For most Nengo models, we do not need to worry about the exact connection weights, as Nengo solves for the
optimal connection weights using the Neural Engineering Framework. However, we sometimes would like to
have direct access to this weight matrix, so we can modify it in various ways. We do this using the
*weight_func* argument in the `nef.Network.connect()` function. For example, to simply print the
solved-for optimal weights, we can do the following:

```
net.make('A',100,1)
net.make('B',100,1)
def print_weights(w):
print w
return w
net.connect('A','B',weight_func=print_weights)
```

We can also adjust these weights by modifying them and returning the new matrix. The following code randomly adjusts each connection weight by an amount sampled from a normal distribution of standard deviation 0.001:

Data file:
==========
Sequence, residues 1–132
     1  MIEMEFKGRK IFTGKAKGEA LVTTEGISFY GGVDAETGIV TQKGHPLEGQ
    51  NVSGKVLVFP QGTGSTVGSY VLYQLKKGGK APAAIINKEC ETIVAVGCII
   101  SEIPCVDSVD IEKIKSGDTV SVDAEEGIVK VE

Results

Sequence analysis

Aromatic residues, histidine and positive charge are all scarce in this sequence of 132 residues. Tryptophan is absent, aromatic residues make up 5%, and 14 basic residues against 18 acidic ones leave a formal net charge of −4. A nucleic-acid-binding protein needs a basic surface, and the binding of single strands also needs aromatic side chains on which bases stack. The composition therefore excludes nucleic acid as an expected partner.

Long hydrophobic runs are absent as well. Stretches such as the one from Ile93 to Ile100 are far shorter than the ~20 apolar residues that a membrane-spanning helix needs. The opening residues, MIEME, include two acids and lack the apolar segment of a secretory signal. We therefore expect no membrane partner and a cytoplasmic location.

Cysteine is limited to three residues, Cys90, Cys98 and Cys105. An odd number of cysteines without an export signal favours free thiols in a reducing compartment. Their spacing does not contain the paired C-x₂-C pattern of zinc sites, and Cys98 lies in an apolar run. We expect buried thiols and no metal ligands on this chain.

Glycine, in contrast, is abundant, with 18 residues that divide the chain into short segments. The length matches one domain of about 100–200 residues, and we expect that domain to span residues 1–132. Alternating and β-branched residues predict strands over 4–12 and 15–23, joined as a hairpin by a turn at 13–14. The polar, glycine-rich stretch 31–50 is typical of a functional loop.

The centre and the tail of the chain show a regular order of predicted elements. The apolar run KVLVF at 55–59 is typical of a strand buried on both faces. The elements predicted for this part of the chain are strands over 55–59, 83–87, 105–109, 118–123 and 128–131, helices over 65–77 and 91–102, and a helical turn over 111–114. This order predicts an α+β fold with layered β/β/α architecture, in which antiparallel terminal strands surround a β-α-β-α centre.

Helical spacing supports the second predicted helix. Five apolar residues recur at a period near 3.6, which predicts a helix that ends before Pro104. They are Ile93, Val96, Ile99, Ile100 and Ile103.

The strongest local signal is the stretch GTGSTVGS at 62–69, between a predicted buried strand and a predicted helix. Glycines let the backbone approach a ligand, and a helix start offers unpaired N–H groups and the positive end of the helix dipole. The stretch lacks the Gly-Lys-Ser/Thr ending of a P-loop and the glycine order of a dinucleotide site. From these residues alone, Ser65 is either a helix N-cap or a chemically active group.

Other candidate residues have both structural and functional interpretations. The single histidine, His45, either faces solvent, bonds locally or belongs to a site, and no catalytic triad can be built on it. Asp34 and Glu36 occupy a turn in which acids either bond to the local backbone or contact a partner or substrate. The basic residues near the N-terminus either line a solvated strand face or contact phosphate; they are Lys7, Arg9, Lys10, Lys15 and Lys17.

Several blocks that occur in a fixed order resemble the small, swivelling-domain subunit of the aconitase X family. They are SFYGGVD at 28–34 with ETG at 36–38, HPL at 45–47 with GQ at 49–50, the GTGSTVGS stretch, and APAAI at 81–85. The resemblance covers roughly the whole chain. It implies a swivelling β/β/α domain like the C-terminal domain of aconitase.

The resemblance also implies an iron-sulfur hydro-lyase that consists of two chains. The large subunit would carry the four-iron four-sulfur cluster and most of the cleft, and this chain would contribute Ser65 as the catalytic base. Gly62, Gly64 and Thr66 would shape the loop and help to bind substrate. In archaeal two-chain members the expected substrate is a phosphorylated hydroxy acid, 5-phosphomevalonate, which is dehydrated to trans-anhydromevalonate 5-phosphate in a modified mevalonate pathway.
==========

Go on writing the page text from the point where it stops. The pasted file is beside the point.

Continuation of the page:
```
net.make('A',100,1)
net.make('B',100,1)
def randomize(w):
for i in range(len(w)):
for j in range(len(w[i])):
w[i][j]+=random.gauss(0,0.001)
return w
net.connect('A','B',weight_func=randomize)
```

We can also use this approach to enforce sparsity constraints on our networks. For example, one could simply
find all the small weights in the *w* matrix and set them to zero. The following code takes a slightly
different approach that we have found to be a bit more robust. Here, if we want 20% connectivity (i.e. each
neuron in population A is only connected to 20% of the neurons in population B), we simply randomly select
80% of the weights in the matrix and set them to zero. To make up for this reduction in connectivity, we
also increase the remaining weights by scaling them by 1.0/0.2:

```
net.make('A',100,1)
net.make('B',100,1)
p=0.2
def sparsify(w):
for i in range(len(w)):
for j in range(len(w[i])):
if random.random()<p:
w[i][j]/=p
else:
w[i][j]=0.0
return w
net.connect('A','B',weight_func=sparsify)
```